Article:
Festival endures storm, sets delayed and cancelled
Treasure Island Music Festival — the brainchild of Another Planet Entertainment and Noise Pop’s collaboration— held its 10th anniversary (and very last) festival last weekend, Oct. 15 to 16.
For a Bay Area festival held each October for over a decade, I really can’t help but wonder how TIMF had never previously experienced rain. That is, until last weekend.
But describing the festival’s climate as “rainy” would be a drastic understatement. It was more of an ongoing battle between dangerous, set-cancelling winds, torrential downpours, confiscated umbrellas (you think festival hats are an impediment on your view) and mud — lots and lots of mud.
In fact, by day two, festival fashion had been entirely abandoned, and anyone not wearing ponchos and knee-high rainboots was cast off to the Wells Fargo prize booth to take shelter.
It didn’t help, either, that the festival planners continuously delayed sets due to the wind, causing huge gaps in which there were no performances for hours at a time. This left many festival-goers standing around, sinking in mud and eating delicious Filipino-fusion burritos (a rare bright spot in the otherwise-gloomy atmosphere, I discovered).
On Saturday, the worst day of the weekend in terms of weather, many attendees left early to escape the conditions, despite the festival’s determination to persevere through inclement weather. The festival coordinators sent out a mass email Saturday night claiming the festival would be extended until midnight rather than its originally scheduled 10:30 p.m. conclusion.
Sunday-goers were less fortunate; James Blake’s set was cancelled, and this was only announced after we had already sunk two inches deep in mud during the hour-long wait.
But I’ll get to that later. So here’s the best of Sunday, which was the only day I chose to endure the storm:
Most Anticipated Set
James Blake, the experimental electronic artist whose eerie falsetto resembles that of Bon Iver, was the most obviously anticipated set of the weekend. But his set was postponed by an hour due to “dangerous winds” (it’s still unclear why those winds were more dangerous than any we had previously experienced that weekend) and was eventually cancelled; it’s difficult not to anticipate something continuously being taken from you.
In an attempt to console festival attendees, Blake tweeted after the announced cancellation that he would try to put on a substitute show for the following night. Fortunately, more than a substitute show was procured; any TIMF ticket holder had free entrance to Blake’s Monday night show at Oakland’s Fox Theater (a much drier location, in addition to being a premiere venue).
Best Stage Design
What electronic duo Purity Ring lacked in sound, they made up for in extravagant stage design. With hundreds of strung lights hanging from the top of the stage onto the performers’ knees, it was hard not to be mesmerized by the color-coordinated rain of light.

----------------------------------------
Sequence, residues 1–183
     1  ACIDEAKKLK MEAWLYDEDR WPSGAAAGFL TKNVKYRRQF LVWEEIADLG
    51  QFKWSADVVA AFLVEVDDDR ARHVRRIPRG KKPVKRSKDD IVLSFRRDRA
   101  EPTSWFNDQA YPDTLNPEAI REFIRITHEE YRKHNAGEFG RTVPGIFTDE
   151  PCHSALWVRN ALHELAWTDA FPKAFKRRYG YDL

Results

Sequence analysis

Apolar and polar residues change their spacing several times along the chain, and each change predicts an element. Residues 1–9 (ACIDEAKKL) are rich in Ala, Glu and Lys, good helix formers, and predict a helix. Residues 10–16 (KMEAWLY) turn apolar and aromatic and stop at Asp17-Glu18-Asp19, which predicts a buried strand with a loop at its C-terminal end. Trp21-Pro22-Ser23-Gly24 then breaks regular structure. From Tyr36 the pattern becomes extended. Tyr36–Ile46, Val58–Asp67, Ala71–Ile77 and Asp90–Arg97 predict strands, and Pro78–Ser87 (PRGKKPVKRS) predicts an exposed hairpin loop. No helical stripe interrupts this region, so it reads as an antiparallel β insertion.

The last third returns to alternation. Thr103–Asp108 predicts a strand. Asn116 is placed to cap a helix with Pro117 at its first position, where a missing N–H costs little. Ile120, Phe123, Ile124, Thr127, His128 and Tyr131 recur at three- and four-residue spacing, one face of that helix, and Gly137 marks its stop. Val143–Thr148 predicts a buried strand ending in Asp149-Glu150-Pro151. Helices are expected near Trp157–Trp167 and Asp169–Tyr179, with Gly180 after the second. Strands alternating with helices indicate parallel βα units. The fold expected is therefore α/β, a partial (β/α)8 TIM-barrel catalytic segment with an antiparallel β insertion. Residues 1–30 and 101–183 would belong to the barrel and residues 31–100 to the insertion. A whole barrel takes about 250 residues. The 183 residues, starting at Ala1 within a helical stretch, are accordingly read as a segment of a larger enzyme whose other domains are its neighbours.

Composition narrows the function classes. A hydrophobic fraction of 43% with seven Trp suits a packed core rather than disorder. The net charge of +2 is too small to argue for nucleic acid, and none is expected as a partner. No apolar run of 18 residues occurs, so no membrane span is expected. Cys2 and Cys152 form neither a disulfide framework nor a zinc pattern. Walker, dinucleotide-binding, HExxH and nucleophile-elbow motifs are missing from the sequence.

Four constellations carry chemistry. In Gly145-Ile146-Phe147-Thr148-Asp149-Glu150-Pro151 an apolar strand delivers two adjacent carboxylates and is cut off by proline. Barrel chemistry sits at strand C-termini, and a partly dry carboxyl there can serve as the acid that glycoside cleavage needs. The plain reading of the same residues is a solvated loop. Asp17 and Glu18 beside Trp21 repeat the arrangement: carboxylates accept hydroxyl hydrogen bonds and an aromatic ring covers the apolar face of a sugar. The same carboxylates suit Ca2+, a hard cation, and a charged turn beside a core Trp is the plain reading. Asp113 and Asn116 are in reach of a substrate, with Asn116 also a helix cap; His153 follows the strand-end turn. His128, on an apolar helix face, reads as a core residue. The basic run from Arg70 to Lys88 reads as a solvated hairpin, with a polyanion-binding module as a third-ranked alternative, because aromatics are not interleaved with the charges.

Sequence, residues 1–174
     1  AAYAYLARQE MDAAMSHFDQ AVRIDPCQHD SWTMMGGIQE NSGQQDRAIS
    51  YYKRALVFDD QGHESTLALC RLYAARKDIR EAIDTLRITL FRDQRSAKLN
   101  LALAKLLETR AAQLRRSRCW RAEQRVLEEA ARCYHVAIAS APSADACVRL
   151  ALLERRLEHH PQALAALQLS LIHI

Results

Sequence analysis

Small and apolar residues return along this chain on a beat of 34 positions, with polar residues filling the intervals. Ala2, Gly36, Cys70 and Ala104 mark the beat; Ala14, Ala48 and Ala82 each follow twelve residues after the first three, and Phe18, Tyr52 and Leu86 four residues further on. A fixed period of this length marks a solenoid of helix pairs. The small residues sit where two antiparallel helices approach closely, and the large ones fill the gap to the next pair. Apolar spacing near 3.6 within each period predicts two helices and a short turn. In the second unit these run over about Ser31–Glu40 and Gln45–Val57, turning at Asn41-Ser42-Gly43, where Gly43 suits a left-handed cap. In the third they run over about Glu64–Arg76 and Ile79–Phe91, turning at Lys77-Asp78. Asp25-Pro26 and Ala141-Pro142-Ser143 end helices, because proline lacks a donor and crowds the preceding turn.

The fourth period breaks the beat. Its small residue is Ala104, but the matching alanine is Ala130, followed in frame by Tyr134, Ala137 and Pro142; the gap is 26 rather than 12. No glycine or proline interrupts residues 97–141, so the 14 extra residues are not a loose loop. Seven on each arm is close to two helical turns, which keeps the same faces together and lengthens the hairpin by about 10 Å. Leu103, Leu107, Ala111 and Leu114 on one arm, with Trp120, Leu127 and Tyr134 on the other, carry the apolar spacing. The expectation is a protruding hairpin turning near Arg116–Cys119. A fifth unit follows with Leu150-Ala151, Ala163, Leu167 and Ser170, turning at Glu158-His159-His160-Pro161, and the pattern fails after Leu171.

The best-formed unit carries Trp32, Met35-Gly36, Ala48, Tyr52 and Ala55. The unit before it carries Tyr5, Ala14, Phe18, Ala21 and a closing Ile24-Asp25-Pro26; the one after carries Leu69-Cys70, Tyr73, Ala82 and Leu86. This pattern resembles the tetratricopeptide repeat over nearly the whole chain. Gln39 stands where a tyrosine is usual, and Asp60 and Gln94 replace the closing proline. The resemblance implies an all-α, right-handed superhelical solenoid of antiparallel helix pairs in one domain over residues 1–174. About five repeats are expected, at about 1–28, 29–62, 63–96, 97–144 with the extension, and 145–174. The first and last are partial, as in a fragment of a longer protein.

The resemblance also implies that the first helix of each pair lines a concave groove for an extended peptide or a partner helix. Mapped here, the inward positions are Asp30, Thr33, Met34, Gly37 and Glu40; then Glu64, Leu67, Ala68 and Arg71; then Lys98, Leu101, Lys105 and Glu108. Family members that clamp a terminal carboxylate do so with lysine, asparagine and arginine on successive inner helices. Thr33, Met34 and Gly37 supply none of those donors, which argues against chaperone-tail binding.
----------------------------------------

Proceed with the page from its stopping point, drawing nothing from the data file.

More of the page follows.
Lead singer Megan James often walked through the lights, pushing them to either side of her as she swam through their color. Her DJ companion, Corin Roddick, had drum pads atop what looked like lampshades, and each one pulsed pink with every tap.
However, these aesthetic choices could only be replicated so many times before the audience became numb to their awe. It was obvious that after a few songs, the audience — including myself — had become unamused. And yes, James’ voice sounds exactly as timid and squeaky in speech as it does in song.
Most Skillful Behind-the-Head-Guitar-Playing
“Oh, Andy” was probably the most frequently used phrase during the set of alternative psychedelic rock group Mac DeMarco. Although I was unaware of the off-the-wall humor Andy the Guitarist is so well known for, it came as no surprise. With aviators straight from 1973 and a ‘stache that took up about half of his face, his attempts to gain the audience’s sympathy regarding his “recently deceased horse,” Buckles, and his adamance that Halloween was in two months — no more and no less — unphased me by the end of the show.
Though their solos and skillful behind-the-head guitar playing were surprisingly adept, DeMarco’s blunt proclamation of his tequila drinking from the night prior was pretty indicative of the show’s sound. Their set was, in retrospect, the musical equivalent of a hangover: discordant and blurry, but better with time.
Christine and the Queens is, plainly put, some of today’s best new music — well, new to me at least, as well as for most of the US. Her French art pop, inspired by the support of a few drag queens, Héloïse Letissier inspires in ways I knew not possible.
As a strong supporter of the LGBTQ community, Letissier attributes her stage confidence to the drag queens she encountered in London who not only inspired her artistic endeavors, but took her under their wing at a time when she struggled with suicide and a bad breakup.
But what made her set so incredible was not her sound, but rather the complementary nature of her music and choreography. Her hit single, Tilted, is straight from a Michael Jackson music video, with choreography that more closely resembles an eloquent series of everyday movements than it does dance. But it’s more than her hypnotic dances that resemble the pop of Michael Jackson (yes, such choreography was present on the festival stage, too); Christine and the Queens boast catchy melodies that hold profound messages of self-confidence and identity — components uncharacteristic of today’s pop.
The festival, to no one’s surprise, will no longer be held on Treasure Island, inevitably resulting in a new title as well. And, after this year’s festival, such an identity change certainly won’t harm future promotions.
R.I.P. Treasure Island Music Festival — you certainly left kicking up a storm.
Written by: Ally Overbay – firstname.lastname@example.org